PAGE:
Improve your espresso workflow with these accessories

Time flies when you’re having fun as they say. And such was the case when I realized my Heat Exchanger (HX) had turned 18 years old. Branded by Pasquini, but actually made by Bezzera, the thing is a workhorse. Just perform annual maintenance such as replacing the group gasket and you can make espresso shots for ages. But maybe its time had come?

Recently, I too suffered as many of us are prone to do these days from upgrade-itis.

So I began researching a new espresso workflow (accessories, grinder and machine) to improve my shot consistency and quality.

Turns out a lot has changed over the years, especially since 2020 with the onslaught of the pandemic and with shelter-in-place causing a lot of us to have more time on our hands in our homes. The result: a mini boom in all things espresso. More of us were buying espresso machines to supplant what was previously a breakroom given. Further, geekdom really arose with home baristas turning to all sorts of accessories in search of the perfect shot. And there’s a lot of them!

WDT tools. RDT spray bottles. Dosing funnels. Puck screens. Scales. Tamping mats. Tampers. Distributors and levelers.

The list goes on and on. Search YouTube for espresso videos and you’ll find in-depth explanations of how to make the perfect espresso using all of these gadgets. Some processes are so intensive it would seems as if the operator is about to launch a SpaceX rocket.

Pasquini Livia 90 - Replacing gasket, performing maintenance
Performing annual maintenance on my Pasquini Livia 90. Still keeps going!

Different users will see the process in different ways. I see it as a spectrum.

There’s the art side which is basically just winging it, or, in most cases, relying on years of experience as a barista, and using mostly intuition during puck prep and pulling a shot. Go to Italy and this is what you’ll mostly see. Basically these are professionals operating in peak form with master expertise.

Then there’s the technical (or science) side. This is all about measuring everything, being fastidious in preparation and trying to eliminate as many variables as possibly by simply following a consistent workflow. Typically lots of accessories and tools are involved.

Are you on the art side? The technical side? Or somewhere in between?

For me, I’ve been operating entirely on intuition. Even for timing my shots. After years of practice you get used to the feeling of when 25-35 seconds has passed. Sure, for dialing in a new espresso machine, or bag of beans, then yes, I’ll use a scale and experiment for several shots before hitting the proper extraction. It’s unavoidable. Switching to decaf beans, for instance, will require a grinding adjustment and you’ll need to dial-in all over again.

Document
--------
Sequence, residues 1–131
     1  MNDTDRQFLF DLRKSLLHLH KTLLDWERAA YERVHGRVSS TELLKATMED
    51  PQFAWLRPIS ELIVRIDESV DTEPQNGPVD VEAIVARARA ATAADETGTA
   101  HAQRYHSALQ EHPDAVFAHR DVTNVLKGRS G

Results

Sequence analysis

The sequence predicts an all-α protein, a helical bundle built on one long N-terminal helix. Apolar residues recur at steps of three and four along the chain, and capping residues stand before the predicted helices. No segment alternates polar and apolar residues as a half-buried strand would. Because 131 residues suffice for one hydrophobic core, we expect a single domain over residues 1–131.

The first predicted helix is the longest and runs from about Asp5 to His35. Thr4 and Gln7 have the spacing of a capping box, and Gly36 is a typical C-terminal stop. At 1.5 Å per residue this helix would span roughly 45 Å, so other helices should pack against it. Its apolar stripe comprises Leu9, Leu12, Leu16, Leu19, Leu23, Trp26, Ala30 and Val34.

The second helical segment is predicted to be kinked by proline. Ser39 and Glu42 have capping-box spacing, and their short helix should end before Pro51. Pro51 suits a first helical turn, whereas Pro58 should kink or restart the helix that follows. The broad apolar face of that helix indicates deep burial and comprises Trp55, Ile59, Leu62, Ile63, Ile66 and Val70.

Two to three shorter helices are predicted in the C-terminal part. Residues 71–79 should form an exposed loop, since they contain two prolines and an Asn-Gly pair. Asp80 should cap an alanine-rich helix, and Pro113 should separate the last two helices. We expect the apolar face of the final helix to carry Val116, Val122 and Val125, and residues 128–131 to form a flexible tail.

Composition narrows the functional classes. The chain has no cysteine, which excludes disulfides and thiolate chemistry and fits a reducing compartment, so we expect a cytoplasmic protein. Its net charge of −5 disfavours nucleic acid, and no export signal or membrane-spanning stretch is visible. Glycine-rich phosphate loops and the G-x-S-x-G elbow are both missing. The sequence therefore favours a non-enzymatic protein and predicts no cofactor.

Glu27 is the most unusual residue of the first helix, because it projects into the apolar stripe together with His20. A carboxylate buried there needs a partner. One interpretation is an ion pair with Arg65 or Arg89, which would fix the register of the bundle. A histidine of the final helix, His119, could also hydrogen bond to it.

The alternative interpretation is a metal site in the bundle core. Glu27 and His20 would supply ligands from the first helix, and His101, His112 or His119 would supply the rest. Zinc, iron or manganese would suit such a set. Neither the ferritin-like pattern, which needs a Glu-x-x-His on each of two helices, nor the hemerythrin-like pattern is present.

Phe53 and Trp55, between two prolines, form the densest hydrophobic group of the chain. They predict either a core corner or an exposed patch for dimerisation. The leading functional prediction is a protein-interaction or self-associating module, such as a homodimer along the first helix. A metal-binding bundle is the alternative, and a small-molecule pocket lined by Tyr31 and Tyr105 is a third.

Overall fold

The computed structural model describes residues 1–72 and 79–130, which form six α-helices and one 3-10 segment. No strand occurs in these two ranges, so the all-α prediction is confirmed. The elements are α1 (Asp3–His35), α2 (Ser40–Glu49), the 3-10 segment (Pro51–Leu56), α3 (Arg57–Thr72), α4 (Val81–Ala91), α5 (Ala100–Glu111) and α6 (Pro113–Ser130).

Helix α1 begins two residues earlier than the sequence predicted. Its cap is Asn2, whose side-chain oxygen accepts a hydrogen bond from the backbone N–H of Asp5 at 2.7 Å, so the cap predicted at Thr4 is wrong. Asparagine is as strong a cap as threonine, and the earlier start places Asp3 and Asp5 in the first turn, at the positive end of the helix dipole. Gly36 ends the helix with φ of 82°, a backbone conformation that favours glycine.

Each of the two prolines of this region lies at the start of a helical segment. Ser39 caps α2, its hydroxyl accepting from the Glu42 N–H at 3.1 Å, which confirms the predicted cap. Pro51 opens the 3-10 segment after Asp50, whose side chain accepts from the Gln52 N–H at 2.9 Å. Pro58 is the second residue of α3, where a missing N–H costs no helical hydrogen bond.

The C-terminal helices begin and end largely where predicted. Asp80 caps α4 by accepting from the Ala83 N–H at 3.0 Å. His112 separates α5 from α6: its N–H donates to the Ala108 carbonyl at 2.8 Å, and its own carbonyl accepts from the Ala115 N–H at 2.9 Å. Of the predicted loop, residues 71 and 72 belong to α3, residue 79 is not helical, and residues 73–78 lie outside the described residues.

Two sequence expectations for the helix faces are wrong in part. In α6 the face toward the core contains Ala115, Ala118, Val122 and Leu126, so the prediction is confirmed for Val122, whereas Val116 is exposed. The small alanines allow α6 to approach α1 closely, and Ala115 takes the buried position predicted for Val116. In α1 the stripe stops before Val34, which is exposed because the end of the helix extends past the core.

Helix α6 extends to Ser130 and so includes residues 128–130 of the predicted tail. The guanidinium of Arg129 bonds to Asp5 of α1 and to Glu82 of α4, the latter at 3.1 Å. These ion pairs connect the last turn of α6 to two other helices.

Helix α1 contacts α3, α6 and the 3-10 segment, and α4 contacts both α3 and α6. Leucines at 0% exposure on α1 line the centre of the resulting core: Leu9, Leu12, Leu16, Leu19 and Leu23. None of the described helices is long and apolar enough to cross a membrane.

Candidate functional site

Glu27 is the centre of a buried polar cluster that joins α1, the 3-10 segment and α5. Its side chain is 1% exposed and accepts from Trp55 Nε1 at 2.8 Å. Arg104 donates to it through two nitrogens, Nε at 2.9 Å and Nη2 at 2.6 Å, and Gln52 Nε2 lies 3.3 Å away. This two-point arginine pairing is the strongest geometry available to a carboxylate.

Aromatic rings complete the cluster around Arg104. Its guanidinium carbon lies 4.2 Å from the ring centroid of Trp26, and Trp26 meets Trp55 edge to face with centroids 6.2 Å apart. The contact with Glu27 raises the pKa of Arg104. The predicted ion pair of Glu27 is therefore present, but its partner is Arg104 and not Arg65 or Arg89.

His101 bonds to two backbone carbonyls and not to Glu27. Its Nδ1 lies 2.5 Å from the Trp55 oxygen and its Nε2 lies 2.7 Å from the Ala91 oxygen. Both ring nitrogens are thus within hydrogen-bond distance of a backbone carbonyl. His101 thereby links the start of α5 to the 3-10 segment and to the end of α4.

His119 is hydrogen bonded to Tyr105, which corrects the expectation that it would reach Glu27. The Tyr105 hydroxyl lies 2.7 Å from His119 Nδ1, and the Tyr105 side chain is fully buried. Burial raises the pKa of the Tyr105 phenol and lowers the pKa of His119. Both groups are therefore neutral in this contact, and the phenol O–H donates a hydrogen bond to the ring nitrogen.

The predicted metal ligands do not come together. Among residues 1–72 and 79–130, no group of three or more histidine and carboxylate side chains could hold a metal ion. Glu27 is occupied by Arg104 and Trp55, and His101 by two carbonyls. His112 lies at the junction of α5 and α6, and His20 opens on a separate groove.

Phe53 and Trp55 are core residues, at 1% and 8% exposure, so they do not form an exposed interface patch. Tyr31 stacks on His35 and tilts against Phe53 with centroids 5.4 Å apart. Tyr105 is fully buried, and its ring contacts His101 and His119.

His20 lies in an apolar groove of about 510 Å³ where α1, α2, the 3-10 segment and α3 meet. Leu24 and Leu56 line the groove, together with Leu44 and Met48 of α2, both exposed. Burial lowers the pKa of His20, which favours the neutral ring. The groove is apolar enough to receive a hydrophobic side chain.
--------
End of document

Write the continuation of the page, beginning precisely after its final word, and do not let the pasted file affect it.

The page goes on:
In any case, as part of re-tooling my espresso workflow I’ve been writing on Stark Insider about various gadgets and how they’ve impacted my workflow, for the better or worse — or, in some cases without any impact whatsoever.

For those just reading up on the journey, here’s a quick summary of some tools I’ve covered and some advice on each for home baristas everywhere. Note that it doesn’t really matter if you’re just starting out or have years of experience. I believe there’s potential value in many of these accessories (but not all!) for those looking to re-tool and improve workflows.

Useful accessories for improving espresso workflow

Espresso Accessories Review Roundup and Thoughts

Dosing Funnel — The premise with something like a dosing funnel is simple. It helps keep your coffee station cleaner. In practice I found this to be absolutely true in my tests.

Tamping Mat — Okay this one is obvious. You don’t want to tamp directly onto your kitchen counter, or any other surface for that matter. I do, however, like the mats that hang over the edge of the countertop so you can best position your body above for an even tamp of 20-30 pounds. I wrote about the Normcore mat on Stark Insider and came away impressed.